The agency, in explaining a further cost of $2.8-million related to the Sun Sea arrivals and detentions, said that money will primarily “pay for the cost of detention services provided by British Columbia for the migrants from MV Sun Sea remaining in detention on the coming into force of the Preventing Human Smugglers from Abusing Canada’s Immigration System Act (the government’s informal title for Bill C-49).”

The suggestion that the 107 Tamils who remain in detention could be subject retroactively subject to Bill C-49, should it become law, further infuriated the opposition. Parliamentary convention and legal principle normally prevents the terms of a new law from applying to offences or administrative decisions for actions that were committed before the law took effect.

Liberal MP Justin Trudeau (Papineau, Que.) said the drama and fear Mr. Toews stirred up before and during the Sun Sea’s arrival, and the government’s subsequent introduction of Bill C-49 in the House of Commons, indicates the government is not only attempting to incite fear about refugee arrivals—which number about 19,000 a year—but also to divide new and established immigrant communities.

The government, primarily represented by Immigration and Citizenship Minister Jason Kenney (Calgary Southwest, Alta.), has assiduously worked major immigrant and new-Canadian communities over the past several years. In the lunar New Year celebrations this year for instance, government ministers, including Mr. Harper or party representatives on his behalf, have distributed small red paper envelopes stuffed with foil-covered milk chocolate toonies, a symbolic gift of coin, in Chinese and Vietnamese communities in major Canadian cities. The envelopes were accompanied by a small card with Asian symbols and colours, with a small colour portrait of Mr. Harper and his family.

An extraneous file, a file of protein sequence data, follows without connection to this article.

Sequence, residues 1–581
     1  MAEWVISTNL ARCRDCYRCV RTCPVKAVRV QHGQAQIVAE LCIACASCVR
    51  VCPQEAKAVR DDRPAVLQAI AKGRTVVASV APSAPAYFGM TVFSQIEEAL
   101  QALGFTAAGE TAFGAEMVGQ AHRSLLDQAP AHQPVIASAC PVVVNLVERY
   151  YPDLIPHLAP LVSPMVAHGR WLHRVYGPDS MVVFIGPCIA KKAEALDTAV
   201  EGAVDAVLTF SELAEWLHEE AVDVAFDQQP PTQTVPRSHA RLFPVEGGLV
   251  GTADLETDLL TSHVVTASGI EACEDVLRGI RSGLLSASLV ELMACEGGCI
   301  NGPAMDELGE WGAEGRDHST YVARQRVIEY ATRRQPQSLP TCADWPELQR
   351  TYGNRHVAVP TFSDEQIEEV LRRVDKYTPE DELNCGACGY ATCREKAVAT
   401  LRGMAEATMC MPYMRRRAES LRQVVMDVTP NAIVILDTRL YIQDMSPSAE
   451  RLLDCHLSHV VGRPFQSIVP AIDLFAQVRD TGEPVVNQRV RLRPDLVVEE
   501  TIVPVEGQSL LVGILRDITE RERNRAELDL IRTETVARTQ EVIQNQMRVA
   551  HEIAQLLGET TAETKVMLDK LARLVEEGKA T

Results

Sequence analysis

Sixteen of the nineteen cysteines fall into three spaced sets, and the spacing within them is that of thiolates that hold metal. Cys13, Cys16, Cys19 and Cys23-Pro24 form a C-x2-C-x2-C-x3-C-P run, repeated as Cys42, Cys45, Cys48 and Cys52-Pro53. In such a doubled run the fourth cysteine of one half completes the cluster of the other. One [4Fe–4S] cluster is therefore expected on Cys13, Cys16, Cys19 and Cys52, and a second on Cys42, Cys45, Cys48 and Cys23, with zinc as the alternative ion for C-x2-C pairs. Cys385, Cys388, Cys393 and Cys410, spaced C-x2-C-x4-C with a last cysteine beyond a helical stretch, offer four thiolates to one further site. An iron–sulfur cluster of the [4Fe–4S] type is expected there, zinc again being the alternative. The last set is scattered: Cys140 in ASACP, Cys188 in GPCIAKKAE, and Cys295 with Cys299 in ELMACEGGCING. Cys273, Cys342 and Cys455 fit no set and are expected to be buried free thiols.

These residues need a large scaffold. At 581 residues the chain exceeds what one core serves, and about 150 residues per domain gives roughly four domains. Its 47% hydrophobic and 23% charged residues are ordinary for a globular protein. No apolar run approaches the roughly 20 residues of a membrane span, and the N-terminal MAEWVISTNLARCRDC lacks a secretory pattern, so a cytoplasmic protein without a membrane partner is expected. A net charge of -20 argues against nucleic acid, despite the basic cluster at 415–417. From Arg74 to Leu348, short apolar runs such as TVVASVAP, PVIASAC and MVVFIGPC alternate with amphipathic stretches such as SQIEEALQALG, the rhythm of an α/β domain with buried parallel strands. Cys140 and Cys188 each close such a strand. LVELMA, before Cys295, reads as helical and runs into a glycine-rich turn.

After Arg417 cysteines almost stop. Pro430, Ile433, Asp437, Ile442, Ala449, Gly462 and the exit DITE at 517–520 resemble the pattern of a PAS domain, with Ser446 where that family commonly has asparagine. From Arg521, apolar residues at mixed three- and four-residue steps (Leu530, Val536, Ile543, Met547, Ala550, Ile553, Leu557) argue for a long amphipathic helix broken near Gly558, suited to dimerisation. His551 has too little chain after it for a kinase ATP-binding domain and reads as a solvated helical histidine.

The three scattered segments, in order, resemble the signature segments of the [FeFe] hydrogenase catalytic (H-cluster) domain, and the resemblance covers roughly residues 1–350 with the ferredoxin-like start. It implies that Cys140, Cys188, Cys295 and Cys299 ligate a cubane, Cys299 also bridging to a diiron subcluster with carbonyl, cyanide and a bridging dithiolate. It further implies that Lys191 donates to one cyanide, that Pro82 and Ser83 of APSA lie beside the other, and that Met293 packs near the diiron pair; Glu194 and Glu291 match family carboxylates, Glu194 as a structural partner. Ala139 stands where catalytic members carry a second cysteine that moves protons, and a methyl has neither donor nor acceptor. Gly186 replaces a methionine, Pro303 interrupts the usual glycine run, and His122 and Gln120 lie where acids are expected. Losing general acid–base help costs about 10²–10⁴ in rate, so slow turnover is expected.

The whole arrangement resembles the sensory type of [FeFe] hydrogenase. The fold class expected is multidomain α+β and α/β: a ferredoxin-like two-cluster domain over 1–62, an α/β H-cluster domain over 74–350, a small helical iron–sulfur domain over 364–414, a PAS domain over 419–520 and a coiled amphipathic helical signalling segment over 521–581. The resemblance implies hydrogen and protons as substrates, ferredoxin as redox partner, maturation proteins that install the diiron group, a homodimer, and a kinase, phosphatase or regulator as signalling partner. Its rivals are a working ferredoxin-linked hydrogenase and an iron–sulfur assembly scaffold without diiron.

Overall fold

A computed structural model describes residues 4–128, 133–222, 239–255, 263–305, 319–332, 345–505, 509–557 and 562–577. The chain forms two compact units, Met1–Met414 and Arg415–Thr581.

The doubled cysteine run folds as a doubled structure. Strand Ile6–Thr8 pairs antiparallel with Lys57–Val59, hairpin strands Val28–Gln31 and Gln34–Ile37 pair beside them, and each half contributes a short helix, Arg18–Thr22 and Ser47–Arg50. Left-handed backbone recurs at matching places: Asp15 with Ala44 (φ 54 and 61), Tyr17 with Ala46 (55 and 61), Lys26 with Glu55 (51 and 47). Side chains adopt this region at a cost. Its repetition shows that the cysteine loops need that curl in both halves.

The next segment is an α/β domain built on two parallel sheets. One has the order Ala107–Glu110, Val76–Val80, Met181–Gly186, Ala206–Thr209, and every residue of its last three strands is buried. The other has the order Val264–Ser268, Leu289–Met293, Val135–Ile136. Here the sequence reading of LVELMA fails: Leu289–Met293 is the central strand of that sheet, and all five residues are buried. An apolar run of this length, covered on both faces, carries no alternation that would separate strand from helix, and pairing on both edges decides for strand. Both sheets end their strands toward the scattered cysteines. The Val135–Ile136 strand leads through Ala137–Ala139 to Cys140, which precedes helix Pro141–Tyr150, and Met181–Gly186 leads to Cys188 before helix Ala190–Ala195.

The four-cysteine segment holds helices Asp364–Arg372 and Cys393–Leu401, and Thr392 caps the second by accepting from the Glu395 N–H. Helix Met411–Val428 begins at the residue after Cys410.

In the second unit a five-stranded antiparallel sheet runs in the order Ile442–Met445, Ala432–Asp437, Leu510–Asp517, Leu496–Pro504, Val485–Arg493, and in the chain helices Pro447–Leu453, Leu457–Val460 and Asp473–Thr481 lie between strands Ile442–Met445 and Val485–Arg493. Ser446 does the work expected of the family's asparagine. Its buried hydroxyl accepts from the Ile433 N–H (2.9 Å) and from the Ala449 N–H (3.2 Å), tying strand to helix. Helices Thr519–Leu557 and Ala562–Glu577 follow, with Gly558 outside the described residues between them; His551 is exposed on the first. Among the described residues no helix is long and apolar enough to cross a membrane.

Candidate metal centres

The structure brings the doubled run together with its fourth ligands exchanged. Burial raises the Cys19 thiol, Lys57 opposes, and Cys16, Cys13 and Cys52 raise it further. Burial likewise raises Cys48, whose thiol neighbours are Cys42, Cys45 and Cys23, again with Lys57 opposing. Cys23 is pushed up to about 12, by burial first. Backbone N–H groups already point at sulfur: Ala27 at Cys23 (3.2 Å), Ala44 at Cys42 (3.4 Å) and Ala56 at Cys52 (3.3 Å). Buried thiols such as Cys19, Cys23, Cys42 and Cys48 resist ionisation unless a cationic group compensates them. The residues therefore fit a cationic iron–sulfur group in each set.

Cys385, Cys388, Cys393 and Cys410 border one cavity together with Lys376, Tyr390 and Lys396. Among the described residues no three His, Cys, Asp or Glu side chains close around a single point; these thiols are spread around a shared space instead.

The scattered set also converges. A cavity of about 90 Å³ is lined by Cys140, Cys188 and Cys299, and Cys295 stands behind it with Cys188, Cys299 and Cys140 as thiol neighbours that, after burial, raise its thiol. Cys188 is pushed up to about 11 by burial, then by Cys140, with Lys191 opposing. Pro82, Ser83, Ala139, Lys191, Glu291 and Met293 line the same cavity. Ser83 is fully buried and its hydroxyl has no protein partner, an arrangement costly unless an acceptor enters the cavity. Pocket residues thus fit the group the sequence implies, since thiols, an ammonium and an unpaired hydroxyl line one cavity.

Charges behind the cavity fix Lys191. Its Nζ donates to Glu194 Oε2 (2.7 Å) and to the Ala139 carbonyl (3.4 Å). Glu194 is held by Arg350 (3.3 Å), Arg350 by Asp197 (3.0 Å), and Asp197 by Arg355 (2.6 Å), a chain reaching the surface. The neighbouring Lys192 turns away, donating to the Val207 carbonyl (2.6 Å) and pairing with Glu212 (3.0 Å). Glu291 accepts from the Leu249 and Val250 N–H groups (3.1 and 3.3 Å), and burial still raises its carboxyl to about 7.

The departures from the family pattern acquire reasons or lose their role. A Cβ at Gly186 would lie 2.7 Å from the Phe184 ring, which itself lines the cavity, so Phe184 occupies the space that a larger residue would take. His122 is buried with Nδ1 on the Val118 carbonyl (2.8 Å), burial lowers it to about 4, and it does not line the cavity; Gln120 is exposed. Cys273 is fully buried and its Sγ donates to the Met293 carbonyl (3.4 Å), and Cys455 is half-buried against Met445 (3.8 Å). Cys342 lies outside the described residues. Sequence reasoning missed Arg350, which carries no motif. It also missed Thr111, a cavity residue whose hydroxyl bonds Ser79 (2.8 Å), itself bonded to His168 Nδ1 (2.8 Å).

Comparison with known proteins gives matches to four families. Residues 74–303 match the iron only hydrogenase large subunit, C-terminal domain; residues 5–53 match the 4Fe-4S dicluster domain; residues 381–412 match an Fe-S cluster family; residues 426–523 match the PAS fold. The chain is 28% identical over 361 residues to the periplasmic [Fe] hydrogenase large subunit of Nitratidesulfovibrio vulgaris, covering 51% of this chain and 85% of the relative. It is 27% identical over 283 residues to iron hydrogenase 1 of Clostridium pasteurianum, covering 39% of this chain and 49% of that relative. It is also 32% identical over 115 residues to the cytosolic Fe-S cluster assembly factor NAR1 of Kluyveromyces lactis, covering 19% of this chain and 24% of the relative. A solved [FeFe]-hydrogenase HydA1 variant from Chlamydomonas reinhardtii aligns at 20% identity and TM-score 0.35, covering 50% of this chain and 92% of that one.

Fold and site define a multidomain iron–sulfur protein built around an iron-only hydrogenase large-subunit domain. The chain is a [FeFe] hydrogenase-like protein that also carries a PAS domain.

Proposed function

Though the government’s dramatization of the Sun Sea and the clampdown on the Tamil migrants might seem to counter the government’s wish to curry favour with immigrant voters, Mr. Trudeau said it fits in with the government’s desire to make Conservative inroads in the larger, more established communities.

“There is no contradiction in that, unfortunately,” Mr. Trudeau told The Hill Times. “If you look at what they’re looking at specifically in terms of going to get votes, newly arrived immigrants are permanent residents and they don’t vote yet, refugees are still years away from becoming voting citizens. What they are doing is ramping up concerns about the latest people arriving by demonstrating and telling first-generation, newer immigrants but who are already citizens, that it’s because of these new refugees that you’re having to wait eight years to bring over your ailing parents from India, for example.

“It’s trying to convince people to close the door behind them after they’re in, and it’s pandering to the very worst of human instincts, but that’s what they do very well for political strategy.”

NDP MP Paul Dewar (Ottawa Centre, Ont.) said the Sun Sea experience demonstrates the failings of a penal approach to the treatment of refugee arrivals, particularly, as in the Tamil case, when migrants are fleeing the destruction of a recent civil war.

“This is just a harbinger of things to come if this bill [C-49] goes through, it’s going to put a lot of emphasis on putting people behind bars before they get due process, because that’s what’s contemplated in the bill.”